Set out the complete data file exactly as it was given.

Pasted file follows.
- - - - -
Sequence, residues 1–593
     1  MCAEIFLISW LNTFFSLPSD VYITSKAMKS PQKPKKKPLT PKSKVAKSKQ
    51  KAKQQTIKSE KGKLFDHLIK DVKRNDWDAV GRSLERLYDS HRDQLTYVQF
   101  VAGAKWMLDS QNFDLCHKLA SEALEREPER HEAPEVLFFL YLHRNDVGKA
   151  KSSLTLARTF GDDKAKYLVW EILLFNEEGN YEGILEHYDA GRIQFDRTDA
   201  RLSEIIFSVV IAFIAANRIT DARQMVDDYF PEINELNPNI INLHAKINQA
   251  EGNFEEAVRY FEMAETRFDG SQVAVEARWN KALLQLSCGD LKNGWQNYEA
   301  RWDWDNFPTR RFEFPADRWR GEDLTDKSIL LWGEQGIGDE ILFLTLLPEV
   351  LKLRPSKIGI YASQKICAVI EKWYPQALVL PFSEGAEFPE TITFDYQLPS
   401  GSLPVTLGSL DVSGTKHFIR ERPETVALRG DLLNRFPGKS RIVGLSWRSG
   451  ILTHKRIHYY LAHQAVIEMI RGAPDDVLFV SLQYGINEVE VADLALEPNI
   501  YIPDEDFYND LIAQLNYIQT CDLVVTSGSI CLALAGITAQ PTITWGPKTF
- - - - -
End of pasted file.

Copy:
Sequence, residues 1–593
     1  MCAEIFLISW LNTFFSLPSD VYITSKAMKS PQKPKKKPLT PKSKVAKSKQ
    51  KAKQQTIKSE KGKLFDHLIK DVKRNDWDAV GRSLERLYDS HRDQLTYVQF
   101  VAGAKWMLDS QNFDLCHKLA SEALEREPER HEAPEVLFFL YLHRNDVGKA
   151  KSSLTLARTF GDDKAKYLVW EILLFNEEGN YEGILEHYDA GRIQFDRTDA
   201  RLSEIIFSVV IAFIAANRIT DARQMVDDYF PEINELNPNI INLHAKINQA
   251  EGNFEEAVRY FEMAETRFDG SQVAVEARWN KALLQLSCGD LKNGWQNYEA
   301  RWDWDNFPTR RFEFPADRWR GEDLTDKSIL LWGEQGIGDE ILFLTLLPEV
   351  LKLRPSKIGI YASQKICAVI EKWYPQALVL PFSEGAEFPE TITFDYQLPS
   401  GSLPVTLGSL DVSGTKHFIR ERPETVALRG DLLNRFPGKS RIVGLSWRSG
   451  ILTHKRIHYY LAHQAVIEMI RGAPDDVLFV SLQYGINEVE VADLALEPNI
   501  YIPDEDFYND LIAQLNYIQT CDLVVTSGSI CLALAGITAQ PTITWGPKTF